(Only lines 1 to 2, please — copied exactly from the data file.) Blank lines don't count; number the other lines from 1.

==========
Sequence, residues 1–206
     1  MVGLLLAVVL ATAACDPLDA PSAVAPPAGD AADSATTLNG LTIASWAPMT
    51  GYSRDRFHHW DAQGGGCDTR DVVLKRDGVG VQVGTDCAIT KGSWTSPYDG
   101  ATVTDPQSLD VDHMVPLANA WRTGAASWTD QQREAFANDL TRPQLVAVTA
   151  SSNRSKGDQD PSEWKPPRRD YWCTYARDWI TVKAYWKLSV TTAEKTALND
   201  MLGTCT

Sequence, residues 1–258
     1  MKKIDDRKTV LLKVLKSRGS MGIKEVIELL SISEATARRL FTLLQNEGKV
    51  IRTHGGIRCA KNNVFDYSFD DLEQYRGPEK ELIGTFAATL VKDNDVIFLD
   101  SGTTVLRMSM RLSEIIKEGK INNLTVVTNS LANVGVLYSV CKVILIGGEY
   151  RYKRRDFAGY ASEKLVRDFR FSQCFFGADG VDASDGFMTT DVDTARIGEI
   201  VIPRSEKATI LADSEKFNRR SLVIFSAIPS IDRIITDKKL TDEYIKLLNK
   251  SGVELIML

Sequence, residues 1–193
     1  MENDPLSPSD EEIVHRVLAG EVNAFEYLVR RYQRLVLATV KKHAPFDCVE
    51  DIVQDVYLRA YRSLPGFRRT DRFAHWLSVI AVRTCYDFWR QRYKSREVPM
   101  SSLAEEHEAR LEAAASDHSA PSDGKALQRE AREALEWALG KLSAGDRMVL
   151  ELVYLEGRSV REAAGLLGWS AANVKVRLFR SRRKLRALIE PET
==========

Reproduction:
Sequence, residues 1–206
     1  MVGLLLAVVL ATAACDPLDA PSAVAPPAGD AADSATTLNG LTIASWAPMT